China has used up almost all of its waivers to buy American soybeans that are free of retaliatory tariffs, according to people familiar with the matter, leaving a bleak outlook for agriculture markets as a deadline for a trade deal approaches.
Chinese buyers have nearly reached their quota of about 10 million metric tons, said the people, who asked not to be identified because the information is private. Beijing is also unlikely to issue new waivers for American supplies before progress is made in trade negotiations with Washington, one of the people said.
China has been issuing waivers that allow buyers to bring in U.S. soybeans without having to pay the 30% retaliatory tariffs Beijing adopted in response to American levies. China’s purchases of American supplies have been viewed as a barometer of the negotiations.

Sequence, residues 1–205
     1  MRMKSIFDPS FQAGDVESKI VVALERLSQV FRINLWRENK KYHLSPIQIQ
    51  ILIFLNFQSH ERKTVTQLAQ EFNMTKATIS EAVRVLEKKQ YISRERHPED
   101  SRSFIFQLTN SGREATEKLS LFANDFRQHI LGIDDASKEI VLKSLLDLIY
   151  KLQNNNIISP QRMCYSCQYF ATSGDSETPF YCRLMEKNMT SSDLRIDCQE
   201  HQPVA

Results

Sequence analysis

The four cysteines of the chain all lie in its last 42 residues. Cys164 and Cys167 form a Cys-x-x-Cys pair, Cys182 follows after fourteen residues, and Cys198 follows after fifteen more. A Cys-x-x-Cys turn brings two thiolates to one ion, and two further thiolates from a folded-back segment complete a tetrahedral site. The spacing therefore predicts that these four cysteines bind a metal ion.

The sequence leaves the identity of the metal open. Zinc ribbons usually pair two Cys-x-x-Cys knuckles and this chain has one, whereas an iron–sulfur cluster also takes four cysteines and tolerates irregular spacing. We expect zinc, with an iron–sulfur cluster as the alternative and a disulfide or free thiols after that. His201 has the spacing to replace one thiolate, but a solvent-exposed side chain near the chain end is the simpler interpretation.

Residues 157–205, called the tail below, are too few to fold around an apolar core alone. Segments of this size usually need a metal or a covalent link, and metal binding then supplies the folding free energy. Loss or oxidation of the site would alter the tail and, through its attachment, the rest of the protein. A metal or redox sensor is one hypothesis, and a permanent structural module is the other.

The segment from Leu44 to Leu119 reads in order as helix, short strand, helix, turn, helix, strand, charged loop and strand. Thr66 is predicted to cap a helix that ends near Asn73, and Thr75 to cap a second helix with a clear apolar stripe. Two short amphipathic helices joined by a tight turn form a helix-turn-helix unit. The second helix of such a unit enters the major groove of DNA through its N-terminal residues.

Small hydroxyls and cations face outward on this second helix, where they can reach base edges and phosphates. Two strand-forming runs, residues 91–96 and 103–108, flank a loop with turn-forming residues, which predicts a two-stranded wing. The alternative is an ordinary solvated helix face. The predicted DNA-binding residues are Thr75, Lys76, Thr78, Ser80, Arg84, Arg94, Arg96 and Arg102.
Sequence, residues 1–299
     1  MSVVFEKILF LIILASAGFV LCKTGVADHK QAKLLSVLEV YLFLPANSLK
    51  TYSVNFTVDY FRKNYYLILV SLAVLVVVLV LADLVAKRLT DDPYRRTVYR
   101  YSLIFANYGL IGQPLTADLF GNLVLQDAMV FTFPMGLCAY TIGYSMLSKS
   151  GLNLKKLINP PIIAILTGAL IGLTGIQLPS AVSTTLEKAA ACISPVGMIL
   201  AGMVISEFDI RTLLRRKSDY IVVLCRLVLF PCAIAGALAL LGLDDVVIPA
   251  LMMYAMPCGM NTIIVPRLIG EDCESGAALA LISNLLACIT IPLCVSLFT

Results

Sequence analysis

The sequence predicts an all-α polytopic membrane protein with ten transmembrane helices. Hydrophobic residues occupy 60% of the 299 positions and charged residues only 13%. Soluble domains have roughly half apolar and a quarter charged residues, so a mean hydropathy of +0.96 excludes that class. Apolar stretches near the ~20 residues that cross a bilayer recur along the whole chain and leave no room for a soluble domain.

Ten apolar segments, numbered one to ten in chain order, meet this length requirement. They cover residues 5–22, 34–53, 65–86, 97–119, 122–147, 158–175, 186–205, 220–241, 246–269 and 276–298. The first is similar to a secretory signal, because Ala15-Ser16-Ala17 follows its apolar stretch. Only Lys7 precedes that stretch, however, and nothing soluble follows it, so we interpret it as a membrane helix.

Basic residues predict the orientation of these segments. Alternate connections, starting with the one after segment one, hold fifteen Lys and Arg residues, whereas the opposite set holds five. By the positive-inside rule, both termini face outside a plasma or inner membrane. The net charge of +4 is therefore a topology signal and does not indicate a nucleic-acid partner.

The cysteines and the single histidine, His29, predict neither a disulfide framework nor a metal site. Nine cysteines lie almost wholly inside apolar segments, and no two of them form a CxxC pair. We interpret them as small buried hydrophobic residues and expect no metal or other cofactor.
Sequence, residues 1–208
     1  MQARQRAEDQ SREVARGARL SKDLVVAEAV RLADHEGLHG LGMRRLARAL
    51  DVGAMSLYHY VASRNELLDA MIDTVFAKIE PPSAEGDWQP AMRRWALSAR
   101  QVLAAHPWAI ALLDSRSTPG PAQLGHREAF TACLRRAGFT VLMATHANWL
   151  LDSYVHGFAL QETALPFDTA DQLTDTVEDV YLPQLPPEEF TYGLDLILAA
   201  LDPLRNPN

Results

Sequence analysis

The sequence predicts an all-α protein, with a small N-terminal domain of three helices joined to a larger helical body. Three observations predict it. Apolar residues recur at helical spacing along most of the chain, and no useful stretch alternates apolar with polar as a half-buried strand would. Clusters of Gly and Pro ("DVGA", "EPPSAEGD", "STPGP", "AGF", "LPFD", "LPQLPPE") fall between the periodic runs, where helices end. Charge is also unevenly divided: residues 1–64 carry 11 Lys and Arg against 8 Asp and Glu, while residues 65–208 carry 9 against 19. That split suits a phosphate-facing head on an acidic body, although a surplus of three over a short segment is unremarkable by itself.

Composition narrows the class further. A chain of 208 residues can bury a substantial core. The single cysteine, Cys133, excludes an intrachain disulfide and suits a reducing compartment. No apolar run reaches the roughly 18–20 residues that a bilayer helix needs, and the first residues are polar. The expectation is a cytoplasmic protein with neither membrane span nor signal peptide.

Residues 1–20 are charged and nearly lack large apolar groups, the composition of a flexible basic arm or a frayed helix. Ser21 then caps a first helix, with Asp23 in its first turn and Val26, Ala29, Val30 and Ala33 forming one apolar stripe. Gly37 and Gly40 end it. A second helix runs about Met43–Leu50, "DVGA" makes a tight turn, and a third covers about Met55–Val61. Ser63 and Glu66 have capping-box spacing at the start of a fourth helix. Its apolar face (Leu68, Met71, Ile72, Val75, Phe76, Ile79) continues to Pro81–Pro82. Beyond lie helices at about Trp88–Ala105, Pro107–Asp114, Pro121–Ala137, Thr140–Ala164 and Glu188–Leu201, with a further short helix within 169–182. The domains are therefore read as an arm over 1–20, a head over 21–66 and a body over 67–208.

President Donald Trump will increase tariffs on China if an agreement can’t be reached, U.S. Commerce Secretary Wilbur Ross told Fox Business Network Monday, citing Dec. 15 as the “logical deadline.” At the same time, China wants tariffs to be rolled back as part of the Phase One deal, Global Times said in a tweet Sunday.
While China usually steps up purchases of soybeans from the U.S. during this time of year when it’s the peak soy sales season, it has instead been increasing imports from Brazil, the world’s largest exporter.
China may have already met more than half of its soybean needs for at least the first half of next year, especially given demand has fallen because of African swine fever, one of the people said. China’s Ministry of Commerce didn’t respond to a fax seeking comment.
Purchases of American soybeans by China stand at 9.3 million tons since the start of the season in September through Nov. 21, according to data from the U.S. Department of Agriculture.
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